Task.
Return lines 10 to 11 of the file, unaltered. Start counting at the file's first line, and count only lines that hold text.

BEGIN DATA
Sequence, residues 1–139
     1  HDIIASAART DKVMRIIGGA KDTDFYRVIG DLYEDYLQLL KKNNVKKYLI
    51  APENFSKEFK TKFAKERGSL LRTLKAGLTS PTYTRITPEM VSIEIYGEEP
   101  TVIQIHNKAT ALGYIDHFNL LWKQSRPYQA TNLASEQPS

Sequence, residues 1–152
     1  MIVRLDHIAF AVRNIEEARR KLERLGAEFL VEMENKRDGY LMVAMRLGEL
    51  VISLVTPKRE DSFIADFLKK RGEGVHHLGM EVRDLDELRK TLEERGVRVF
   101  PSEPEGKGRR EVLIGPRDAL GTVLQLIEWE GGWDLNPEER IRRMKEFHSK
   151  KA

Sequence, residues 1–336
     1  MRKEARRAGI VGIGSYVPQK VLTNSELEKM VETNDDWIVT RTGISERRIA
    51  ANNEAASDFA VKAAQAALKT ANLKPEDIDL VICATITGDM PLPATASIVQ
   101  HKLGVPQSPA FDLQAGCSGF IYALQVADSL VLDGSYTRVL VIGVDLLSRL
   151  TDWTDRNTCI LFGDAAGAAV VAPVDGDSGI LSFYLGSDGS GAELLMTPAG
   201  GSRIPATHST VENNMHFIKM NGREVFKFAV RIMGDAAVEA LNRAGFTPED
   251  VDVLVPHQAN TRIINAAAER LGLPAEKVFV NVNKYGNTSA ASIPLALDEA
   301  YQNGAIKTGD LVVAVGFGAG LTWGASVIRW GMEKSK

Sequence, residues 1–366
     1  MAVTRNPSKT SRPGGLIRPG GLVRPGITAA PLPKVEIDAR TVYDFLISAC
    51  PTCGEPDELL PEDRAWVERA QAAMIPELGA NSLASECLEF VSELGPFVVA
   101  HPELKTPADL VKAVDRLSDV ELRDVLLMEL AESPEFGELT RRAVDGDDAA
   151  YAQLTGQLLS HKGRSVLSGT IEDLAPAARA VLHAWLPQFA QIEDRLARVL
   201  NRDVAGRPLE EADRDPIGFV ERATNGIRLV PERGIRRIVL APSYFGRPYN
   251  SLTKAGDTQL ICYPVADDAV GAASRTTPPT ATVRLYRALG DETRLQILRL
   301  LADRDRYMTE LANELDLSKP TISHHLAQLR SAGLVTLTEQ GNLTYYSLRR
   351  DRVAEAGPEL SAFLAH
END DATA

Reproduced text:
Sequence, residues 1–336
     1  MRKEARRAGI VGIGSYVPQK VLTNSELEKM VETNDDWIVT RTGISERRIA